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Political Paralysis in Morocco

This is the second article by Doga, a young Moroccan from Fez. His first post about the marginalization of Moroccan youth can be found here.

Clandestine immigration, poverty, the political indifference of the young, illiteracy, unemployment, exclusion, marginalization, and so on…it’s obvious that all these theories and negative images point to a society with a serious social fragility, which they ponder with question marks and exclamation points. The question concerning us here is to what extent Morocco’s political parties are responsible for these consequences, since they are the representatives of the Moroccan people?

I see that it is important to provide a short summary of the history of Moroccan politics. As you know, Morocco was under a French protectorate, and during that decisive period in our history, there was the National Movement that fought against the colonialists, and this movement gave birth to two political parties during the 1940s, namely:

  • the Independence Party (Istaqlal)
  • the Moroccan Communist Party

The role of these two parties was to defend the country against imperialism, and to demand independence. All the forces of the nation rallied around the two parties, but after our false independence (1956 and 1960) there were conflicts over power in both parties, especially in the Independence Party which represented the popular majority. The left wing of this party broke away to form a new party called the National Union of Popular Forces (UNFP).

The UNFP was the strongest party, because it represented workers and farmers along with merchants. Also belonging to this party were numerous members of the resistance and the Liberation Army who had refused to join the national army and police. But the merchant class leading the party set aside its objectives, which can be summarized as resistance to authoritarian government in Morocco. As a result, resistance to the governing system was finally taken up by high school and college students, who revolted on March 23, 1965. The repressive system responded to their revolt with force, firing bullets at the demonstrators [and killing up to 1000 of them].

Even the Communist Party retreated from its objectives, namely to unite the working class and the farmers, by transforming itself into a party that knew little of its supposed inspiration, Marxism. They even changed their name to become the Party of Liberation and Socialism (PLS). As a result of the failure of the two leftist parties to tackle the politics of dependency head-on, new leftist factions emerged. A Marxist movement developed at the end of the 1960s and the beginning of the 1970s that later spawned underground organizations.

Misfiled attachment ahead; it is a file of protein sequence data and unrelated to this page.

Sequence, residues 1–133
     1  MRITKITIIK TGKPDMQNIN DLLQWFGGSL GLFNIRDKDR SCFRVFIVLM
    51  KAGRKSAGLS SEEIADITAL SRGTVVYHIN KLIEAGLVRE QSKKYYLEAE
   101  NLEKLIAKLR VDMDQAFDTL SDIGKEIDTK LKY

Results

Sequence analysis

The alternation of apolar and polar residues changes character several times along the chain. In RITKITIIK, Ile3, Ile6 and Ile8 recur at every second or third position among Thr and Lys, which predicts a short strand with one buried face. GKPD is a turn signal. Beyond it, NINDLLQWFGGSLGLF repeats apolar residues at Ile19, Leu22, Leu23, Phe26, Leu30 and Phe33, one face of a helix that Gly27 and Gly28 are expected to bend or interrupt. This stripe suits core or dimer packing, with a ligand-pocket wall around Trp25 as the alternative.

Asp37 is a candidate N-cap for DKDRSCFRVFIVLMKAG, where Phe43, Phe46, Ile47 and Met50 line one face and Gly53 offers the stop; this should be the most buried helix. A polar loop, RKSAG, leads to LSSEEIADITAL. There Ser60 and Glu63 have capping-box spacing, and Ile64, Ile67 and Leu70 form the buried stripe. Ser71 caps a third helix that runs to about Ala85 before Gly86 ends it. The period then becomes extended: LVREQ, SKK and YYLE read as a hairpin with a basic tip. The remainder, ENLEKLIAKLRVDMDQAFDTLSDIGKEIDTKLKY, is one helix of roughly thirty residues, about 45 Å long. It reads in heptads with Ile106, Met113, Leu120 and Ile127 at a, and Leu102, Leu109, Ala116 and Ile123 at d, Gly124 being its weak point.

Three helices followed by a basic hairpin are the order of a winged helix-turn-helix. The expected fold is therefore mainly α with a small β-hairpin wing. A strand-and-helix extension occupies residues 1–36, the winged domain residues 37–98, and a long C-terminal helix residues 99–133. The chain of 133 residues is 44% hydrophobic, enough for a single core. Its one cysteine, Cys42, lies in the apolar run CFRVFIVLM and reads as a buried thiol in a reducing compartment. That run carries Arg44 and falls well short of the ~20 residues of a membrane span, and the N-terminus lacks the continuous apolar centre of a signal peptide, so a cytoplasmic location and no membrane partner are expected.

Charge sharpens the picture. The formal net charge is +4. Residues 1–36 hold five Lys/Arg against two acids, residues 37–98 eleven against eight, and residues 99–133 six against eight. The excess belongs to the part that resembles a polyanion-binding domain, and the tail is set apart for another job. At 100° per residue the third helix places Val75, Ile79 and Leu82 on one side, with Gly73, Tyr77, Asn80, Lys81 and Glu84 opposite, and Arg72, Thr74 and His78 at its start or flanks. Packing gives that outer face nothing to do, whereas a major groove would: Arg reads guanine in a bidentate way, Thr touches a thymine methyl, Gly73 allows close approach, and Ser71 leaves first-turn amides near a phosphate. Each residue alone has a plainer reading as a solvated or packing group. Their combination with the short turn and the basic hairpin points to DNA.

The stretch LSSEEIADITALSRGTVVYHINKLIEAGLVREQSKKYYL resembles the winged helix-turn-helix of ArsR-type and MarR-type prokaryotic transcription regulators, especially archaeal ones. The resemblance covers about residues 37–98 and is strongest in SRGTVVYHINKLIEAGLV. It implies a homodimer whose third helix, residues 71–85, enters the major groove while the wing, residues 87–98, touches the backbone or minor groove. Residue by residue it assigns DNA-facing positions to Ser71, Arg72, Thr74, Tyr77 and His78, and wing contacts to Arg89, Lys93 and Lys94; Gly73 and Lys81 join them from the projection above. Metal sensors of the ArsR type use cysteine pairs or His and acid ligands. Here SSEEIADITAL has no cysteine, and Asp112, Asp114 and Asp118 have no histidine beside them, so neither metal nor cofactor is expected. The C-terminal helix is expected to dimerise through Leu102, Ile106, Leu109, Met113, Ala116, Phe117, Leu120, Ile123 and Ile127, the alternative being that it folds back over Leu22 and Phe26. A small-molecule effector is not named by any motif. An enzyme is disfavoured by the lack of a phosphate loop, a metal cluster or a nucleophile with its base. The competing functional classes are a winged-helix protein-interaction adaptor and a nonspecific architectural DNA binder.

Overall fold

Because of ongoing conflicts within the political parties, there were always new parties forming. The UNFP gave birth to a party called the Socialist Union of Popular Forces (USFP), which in turn spawned three new parties, one in 1983 and two more in 2001. The PLS changed its name to the Party of Development and Socialism (PDS). Because of this splintering of forces, and the emergence of organizations that demonstrated against the authoritarian system, Morocco in the 1970s (the “Years of Lead“) had no stability, only repression, secret prisons, concentration camps and arrests. The Makhzen [power structure] used every available means to kill off the struggle. Unfortunately the Makhzen got the system it wanted, a cruel system of course.

Since as we have seen, Morocco’s political parties have known nothing but division and infighting, they have never managed to unite their forces. Indeed, if we were to remove their masks, Moroccan politics would be nothing but the protection of moneyed interests, with the political parties racing toward the central authority, held by the king. The Makhzen penetrates the parties in order to manipulate them. To guarantee their participation in power, the party leaders become a second authoritarian force in Morocco that reflects the first. They open their doors to rich men who want to run for office and have seats in parliament, so they can get the baraka [perks] of political power, make money and protect their ill-gotten gains.